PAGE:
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Location: Underway to Fiji

Hello everybody. It’s a little odd writing this again. Do you know when I last made a blog post? Of course, you do, dear reader; how could we forget Day 54? We were still at anchor in Puerto Ayora and had just finished getting Argo ready to get underway on this epic passage west. Over her illustrious career, Argo has done some cool stuff, making her way around the circumference of our little blue dot seven times, and she has certainly had some adventures along the way. But here I am writing another blog whilst still underway on the passage that began the day after my last installment. Since leaving the Galapagos, we have now covered 4785NM. Four thousand seven hundred and eighty-five nautical miles. By way of illustration, I’m just measuring some distances on our nav system to hopefully put this into some perspective. As best I can tell, the westernmost point of California to the Easternmost point in Maine seems to be separated by just over 2500NM. Hmm, not quite far enough, so – getting historical – the greatest extent of Mongol expansion across the Eurasian steppe, I think, got as far as the Danube, which looks to be about 3400NM (i realize the intervening territory is decidedly un-nautical): still not quite cutting the mustard. Okay, getting really wild with my measuring, what about Lisbon to Vladivostok? Wowcha 5482NM. Perhaps this helps wrap heads around how far we’ve come so far, and for those of you that might be worried about this last measurement somewhat taking the proverbial wind out of our sails, fear not, because we still have 1033NM to go.

Now, to get back on track, why bother pointing all of this out? Because in of itself, what is this but a number? In of itself, it doesn’t really mean much at all, but what is cool is that every inch of that running total is the result of the combined effort of everyone on here. We don’t have an autohelm, and Argo is particularly strong-willed, so let go of the wheel for just a second, and she’s off to wherever she wants to go. What’s more – and this is somewhat stating the obvious – but in that distance, we don’t stop. When I really think about it, I’m always amazed by the sustained effort that goes into getting Argo to wherever she needs to go. And the tricky bits are those that are hardest to put a finger on. Yes, waking up early in the morning when it’s raining and you were late to bed can be unpleasant, and certainly, a towel that seems to be in a constant state of almost dry can be a bore. The hard bits, though, are continuing to show up and do the little bits well every day. It’s not the early start to watch, but it’s getting to that watch and being able to crack a joke to your watch team or seeing that there is a lump of beans-and-hair-and-yesterdays-pasta in one of the drains and deciding to go and clear it up.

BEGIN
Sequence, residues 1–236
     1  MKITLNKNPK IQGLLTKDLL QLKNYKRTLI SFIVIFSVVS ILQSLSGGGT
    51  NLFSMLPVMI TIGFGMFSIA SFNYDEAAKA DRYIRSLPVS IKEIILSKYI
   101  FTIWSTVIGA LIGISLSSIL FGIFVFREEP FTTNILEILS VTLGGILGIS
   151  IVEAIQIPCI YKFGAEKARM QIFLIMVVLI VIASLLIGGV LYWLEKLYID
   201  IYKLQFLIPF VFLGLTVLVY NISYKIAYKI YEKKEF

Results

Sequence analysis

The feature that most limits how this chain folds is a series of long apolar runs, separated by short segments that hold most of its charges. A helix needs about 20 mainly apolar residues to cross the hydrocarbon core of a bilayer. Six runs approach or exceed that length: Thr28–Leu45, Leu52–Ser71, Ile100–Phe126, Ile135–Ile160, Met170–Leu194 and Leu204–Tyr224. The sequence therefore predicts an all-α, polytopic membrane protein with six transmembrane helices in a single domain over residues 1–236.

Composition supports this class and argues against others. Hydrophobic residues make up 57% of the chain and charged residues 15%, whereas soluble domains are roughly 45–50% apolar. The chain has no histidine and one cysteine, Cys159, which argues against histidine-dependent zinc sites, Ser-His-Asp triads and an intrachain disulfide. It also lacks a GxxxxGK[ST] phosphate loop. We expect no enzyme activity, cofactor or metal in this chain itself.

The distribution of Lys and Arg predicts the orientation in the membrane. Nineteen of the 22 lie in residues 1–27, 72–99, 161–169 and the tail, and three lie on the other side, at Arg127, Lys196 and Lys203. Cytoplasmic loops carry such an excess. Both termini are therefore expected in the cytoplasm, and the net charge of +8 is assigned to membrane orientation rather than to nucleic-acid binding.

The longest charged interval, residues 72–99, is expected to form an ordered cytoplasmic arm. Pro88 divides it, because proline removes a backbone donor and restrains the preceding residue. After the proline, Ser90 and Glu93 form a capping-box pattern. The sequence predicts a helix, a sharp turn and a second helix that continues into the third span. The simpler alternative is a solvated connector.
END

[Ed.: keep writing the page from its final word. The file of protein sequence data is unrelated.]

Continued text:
In short, I think the point I’m getting at is that this crew is doing a great job, and I’m sure it will continue to do so as we close in on Fiji.

We’re passing through a bit of a squally patch at the moment as we skirt the northeastern edge of the South Pacific Convergence Zone. Hopefully, we should have a bit of intermittent breeze to boost us along over the next couple of days. Still, it looks like as we come around the western end of Samoa and turn southwest towards the Nanuku passage in the Lau Group, it is going to drop out somewhat, though this might also mean the rain clears up too – so swings and roundabouts really. So, for now, we’re going to continue motor sailing and try to get as much time in the bag as possible for once we get to Fiji.

Peace.

Current position: 1202.37S x 16526.84W

Pictured:
Lolo And Gabe on staff watch (where you look for staff)
Thea avoids a great big grizzly squall
The deckie-ing tour de force that is Mac

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